Raumfahrt - Scotlands first commercial rocket launch hailed a success STV


Skyrora saw its 2.5 metre projectile reach altitudes of four miles after taking off in Ross-shire.


Ross-shire: Rocket known as Skylark Nano. Skyrora

The first commercial rocket launch in Scotland has taken place as part of efforts to gain work at a planned spaceport in the Highlands.

Skyrora saw its 2.5 metre (9ft) projectile reach altitudes of almost four miles after taking off at the Kildermorie Estate in Ross-shire.

Known as Skylark Nano, it accelerated to Mach 1.45 - more than 1110mph.

The Edinburgh-based rocket developer was trialling technology for use on full-scale vehicles, as it bids for a contract for the forthcoming facility.

Daniel Smith, director of business development, said: "This was a small but important step for us in our bid to become the go-to satellite launch provider at a future Scottish spaceport.

"Huge positives can be taken from this - from the success of our portable ground control systems, trajectory analysis and ability to capture the launch with on-board HD cameras.

"We will use the lessons learned in the next stage of our test launch programme, where we'll be going to a far more significant altitude.

"For us it's all about taking careful steps to de-risk and gain experience as we quickly evolve through sub-orbital tests towards our future orbital launch ambitions."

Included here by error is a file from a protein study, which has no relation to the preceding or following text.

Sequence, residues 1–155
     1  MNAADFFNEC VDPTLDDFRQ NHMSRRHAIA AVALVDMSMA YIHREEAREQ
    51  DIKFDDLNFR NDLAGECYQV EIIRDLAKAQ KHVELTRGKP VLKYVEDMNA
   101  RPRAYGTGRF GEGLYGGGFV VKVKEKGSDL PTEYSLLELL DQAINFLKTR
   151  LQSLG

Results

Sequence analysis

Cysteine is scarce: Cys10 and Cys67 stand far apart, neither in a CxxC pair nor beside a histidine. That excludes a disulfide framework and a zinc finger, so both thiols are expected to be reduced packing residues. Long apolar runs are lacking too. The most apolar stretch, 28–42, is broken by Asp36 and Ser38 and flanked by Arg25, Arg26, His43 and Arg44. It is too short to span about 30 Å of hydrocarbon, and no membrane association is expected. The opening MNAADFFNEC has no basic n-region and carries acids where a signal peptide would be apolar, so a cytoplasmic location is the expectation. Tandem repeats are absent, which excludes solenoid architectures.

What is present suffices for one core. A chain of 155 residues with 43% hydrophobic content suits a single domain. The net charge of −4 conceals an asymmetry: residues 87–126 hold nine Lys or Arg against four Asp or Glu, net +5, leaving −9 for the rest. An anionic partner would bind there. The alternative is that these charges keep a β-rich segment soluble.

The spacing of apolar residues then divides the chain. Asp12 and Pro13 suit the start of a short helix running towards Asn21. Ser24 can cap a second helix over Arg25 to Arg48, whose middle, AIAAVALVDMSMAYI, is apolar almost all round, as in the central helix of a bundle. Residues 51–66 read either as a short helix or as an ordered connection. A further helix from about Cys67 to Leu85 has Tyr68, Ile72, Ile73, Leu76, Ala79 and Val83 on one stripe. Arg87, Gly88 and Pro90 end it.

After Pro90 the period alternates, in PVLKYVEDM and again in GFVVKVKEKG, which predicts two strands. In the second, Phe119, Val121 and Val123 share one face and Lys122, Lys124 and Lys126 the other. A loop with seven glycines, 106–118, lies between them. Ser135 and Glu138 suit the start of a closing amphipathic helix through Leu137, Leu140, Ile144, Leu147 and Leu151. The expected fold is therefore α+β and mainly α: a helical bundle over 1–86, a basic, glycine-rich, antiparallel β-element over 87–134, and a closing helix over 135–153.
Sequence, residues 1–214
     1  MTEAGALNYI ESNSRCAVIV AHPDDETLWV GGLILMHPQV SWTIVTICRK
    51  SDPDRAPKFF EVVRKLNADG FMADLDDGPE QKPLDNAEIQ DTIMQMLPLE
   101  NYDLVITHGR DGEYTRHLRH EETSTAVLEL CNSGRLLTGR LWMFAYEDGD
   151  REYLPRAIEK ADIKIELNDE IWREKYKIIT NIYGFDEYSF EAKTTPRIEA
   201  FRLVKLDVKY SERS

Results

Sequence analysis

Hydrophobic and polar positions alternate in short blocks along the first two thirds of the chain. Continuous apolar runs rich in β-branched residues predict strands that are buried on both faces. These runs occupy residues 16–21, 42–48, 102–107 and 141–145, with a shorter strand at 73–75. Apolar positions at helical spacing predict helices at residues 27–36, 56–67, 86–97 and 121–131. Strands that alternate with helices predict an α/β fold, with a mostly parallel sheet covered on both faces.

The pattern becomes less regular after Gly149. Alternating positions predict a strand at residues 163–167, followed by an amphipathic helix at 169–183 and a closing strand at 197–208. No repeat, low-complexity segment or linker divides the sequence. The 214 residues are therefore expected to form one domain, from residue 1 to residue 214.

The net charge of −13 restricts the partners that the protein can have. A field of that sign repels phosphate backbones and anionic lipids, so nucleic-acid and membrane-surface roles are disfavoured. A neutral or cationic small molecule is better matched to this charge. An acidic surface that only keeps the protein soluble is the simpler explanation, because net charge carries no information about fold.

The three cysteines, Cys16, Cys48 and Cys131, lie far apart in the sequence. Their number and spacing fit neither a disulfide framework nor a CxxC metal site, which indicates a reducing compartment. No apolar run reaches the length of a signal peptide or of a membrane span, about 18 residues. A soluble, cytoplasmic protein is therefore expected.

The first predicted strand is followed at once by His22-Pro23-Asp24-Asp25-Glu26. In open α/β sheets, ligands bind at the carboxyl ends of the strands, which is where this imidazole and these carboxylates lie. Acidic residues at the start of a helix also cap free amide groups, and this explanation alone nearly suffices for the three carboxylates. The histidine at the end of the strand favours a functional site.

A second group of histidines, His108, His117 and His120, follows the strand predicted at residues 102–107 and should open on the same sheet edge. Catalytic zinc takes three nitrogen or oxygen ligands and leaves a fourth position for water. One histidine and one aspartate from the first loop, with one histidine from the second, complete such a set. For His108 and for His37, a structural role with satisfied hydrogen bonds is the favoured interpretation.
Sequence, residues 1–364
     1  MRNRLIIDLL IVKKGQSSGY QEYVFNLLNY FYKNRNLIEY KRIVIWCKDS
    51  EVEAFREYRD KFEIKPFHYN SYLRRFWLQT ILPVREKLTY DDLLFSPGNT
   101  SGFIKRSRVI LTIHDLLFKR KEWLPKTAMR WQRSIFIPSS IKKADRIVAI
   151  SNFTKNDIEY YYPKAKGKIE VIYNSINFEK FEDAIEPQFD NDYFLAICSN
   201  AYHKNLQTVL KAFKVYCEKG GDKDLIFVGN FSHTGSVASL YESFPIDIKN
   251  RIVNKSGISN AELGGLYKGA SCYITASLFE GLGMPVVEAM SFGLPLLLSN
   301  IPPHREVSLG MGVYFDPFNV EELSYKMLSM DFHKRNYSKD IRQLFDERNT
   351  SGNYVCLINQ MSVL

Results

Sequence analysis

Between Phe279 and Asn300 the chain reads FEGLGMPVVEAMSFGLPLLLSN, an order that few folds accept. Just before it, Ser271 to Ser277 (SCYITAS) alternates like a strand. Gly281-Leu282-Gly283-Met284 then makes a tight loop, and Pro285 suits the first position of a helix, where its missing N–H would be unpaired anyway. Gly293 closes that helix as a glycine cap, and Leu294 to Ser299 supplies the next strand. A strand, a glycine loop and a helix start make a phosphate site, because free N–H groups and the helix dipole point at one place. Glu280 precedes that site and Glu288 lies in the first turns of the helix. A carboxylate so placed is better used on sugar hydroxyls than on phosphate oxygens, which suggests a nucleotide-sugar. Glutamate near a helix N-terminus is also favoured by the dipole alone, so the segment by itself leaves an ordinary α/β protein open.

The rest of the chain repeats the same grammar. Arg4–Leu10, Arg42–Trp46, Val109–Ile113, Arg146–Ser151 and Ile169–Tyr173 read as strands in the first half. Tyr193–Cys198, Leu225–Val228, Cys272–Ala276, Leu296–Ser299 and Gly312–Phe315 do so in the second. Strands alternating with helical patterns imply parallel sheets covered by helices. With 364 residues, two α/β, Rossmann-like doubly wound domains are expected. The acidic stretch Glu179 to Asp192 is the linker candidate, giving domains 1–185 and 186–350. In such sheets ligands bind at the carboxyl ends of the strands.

The commercial element of the flight was done in partnership with social media site

Cargo was ejected at burnout - staying attached to the body via a Kevlar cable - and a parachute was opened at low altitude for a soft landing.

The planned £17.2m spaceport will be developed by Highlands and Islands Enterprise.

Last month it was announced the UK Space Agency would provide £31.5m of funding for the overall project.

If approved, it could see a vertical launch site built for a new generation of small rockets to launch micro communication and earth-observation satellites.

Melness Crofting Estate near Tongue is the proposed location.

Scotland has been described as the best place in the UK to reach in-demand satellite orbits with vertically launched rockets. It is estimated the spaceport could create 400 jobs in the area.

Around 2000 satellites are forecast to launch there between 2021 and 2030.

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